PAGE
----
Frequently Asked Questions About Medical Malpractice

  • What makes The Beasley Firm a legendary Philadelphia medical malpractice firm?

    Since 1958, The Beasley Firm has been committed to fighting for everyday people who need our help. There are few cases where the vulnerability and needs of our clients are clearer than in medical malpractice cases. We have been passionately representing the injured victims of medical malpractice for more than 60 years, and our success in this arena has made us the enemy of negligent doctors and hospitals all over Pennsylvania, New Jersey, Delaware, and elsewhere.

    Our firm has had the honor of achieving incredible results for our clients, including:

    • Being recognized among "The Best Law Firms" for medical malpractice
    • Recovering more than $2 billion for our clients
    • Winning the two largest medical malpractice verdicts in Pennsylvania ($100 million & $55 million)
    • More than 300+ verdicts & settlements larger than $1 million
    • Securing the financial futures for children and families with lifelong injuries
  • What is the difference between medical negligence and medical malpractice?

    Many times, the terms are interchangeable. Medical malpractice or medical negligence means that a doctor, nurse, nurse practitioner, physician assistant, surgeon, nurse midwife, surgeon, anesthesiologist, pharmacist, respiratory therapist or other healthcare provider acted in a way that deviated from the accepted standards of care, and that act or omission by the healthcare provider caused injury or death to a patient. Medical negligence includes accidents or mistakes that should not have happened, while malpractice may also include malicious or intentional acts by medical professionals.
  • I think I was a victim of medical malpractice-how can I be sure?

    A patient or family member usually has a gut feeling that something went terribly wrong while they were under the care of a physician, surgeon, nurse practitioner, obstetrician, nurse midwife or other healthcare provider. While medical malpractice may have occurred, there are also instances where there might have been a bad outcome or injury but it might not be due to a negligence or medical mistake. The only way to really find out if there was medical malpractice or negligence is to contact a law firm that is experienced in reviewing medical malpractice cases.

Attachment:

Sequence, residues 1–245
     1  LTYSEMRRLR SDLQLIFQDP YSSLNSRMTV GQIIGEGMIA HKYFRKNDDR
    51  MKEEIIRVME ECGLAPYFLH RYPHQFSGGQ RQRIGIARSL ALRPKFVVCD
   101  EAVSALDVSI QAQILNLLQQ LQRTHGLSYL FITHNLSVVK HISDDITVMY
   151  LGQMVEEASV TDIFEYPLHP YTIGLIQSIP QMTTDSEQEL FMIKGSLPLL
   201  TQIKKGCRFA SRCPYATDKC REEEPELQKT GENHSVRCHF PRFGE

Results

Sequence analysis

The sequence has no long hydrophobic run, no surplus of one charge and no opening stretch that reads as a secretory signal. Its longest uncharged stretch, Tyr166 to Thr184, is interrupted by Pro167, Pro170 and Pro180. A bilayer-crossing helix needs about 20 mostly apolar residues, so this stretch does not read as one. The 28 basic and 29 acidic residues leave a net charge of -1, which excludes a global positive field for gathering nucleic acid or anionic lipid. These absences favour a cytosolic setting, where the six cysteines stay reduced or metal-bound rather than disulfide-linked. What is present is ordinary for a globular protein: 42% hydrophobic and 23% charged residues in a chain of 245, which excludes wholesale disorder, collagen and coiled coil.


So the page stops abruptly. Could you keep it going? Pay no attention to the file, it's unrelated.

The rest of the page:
• Who can be sued for medical negligence or malpractice?

    Many injured medical malpractice victims are aware that they can sue the doctor, nurse, surgeon, physician assistant (PA), anesthesiologist, OB doctor, nurse midwife, pharmacist or nurse practitioner for medical negligence. However, an injured patient may also be able to sue the hospital, nursing home, physician practice group, medical teaching facility, and corporate entities associated with those medical providers. It is important to contact an experienced medical malpractice lawyer in Philadelphia who is familiar with identifying all the parties that can be held accountable for the medical error.
  • I had a bad outcome after being treated for something. Do I have a case?

    Unfortunately, not all bad outcomes are due to medical malpractice. Sometimes, infections or medical problems can get worse instead of getting better, or even cause death in the absence of any medical negligence. In other cases, an error may have occurred, but it did not cause any permanent damage or injuries.
  • I was given the wrong medicine. Do I have a malpractice case?

    Medication errors are one of the most frequent mistakes made in a hospital setting. Even if you or a loved one received the wrong medication, wrong dose, or did not receive a medication that was ordered, it might not meet the standards required by law to bring forth a medical malpractice case. The only way to be sure is to contact a Philadelphia medical malpractice attorney who is experienced in reviewing medication error cases.
  • Do I have a case if my doctor did not tell me my test results and now I have advanced cancer?

    At times, there are lab tests, x-rays, CT scans, or MRI's that show early warning signs that a patient may have cancer or a tumor. If those early warning signs were noticed, additional testing could have been ordered to help diagnose the cancer earlier. Sometimes, the failure of a doctor or nurse practitioner to follow-up on early warning signs can lead to a delay in diagnosing cancer. If there was a delay in diagnosing your cancer, you may have a valid medical malpractice claim.
  • My baby has cerebral palsy. Do I have a malpractice case?

    Sometimes, cerebral palsy can occur in the absence of any medical malpractice or physician error. However, if your child experienced a prolonged period of time where he/she suffered from hypoxia, or a lack of oxygen to the brain during the pregnancy, prenatal period, labor or delivery, or shortly after birth, the cerebral palsy may have been caused by a permanent brain injury.

    Since your baby could not talk during delivery to tell the doctor if he or she is in fetal distress, your baby had to communicate their well-being on the fetal monitor strips or baby monitor. The only way to tell if your infant may have cerebral palsy due to a birth injury is to have a law firm who is very knowledgeable in interpreting the fetal monitor strips and what your baby was telling the doctor or obstetrician during labor or delivery.

  • I can't afford all the medical bills, how can I afford an attorney?

    Most plaintiff law firms handling injury cases will not charge you any money up front to represent you. If you should receive an award, settlement or verdict, the attorney will subtract what it cost to work up your case and a small percentage fee upon conclusion of the case. If no award was received, you do not owe anything. The Beasley Firm operates on a contingency fee basis.

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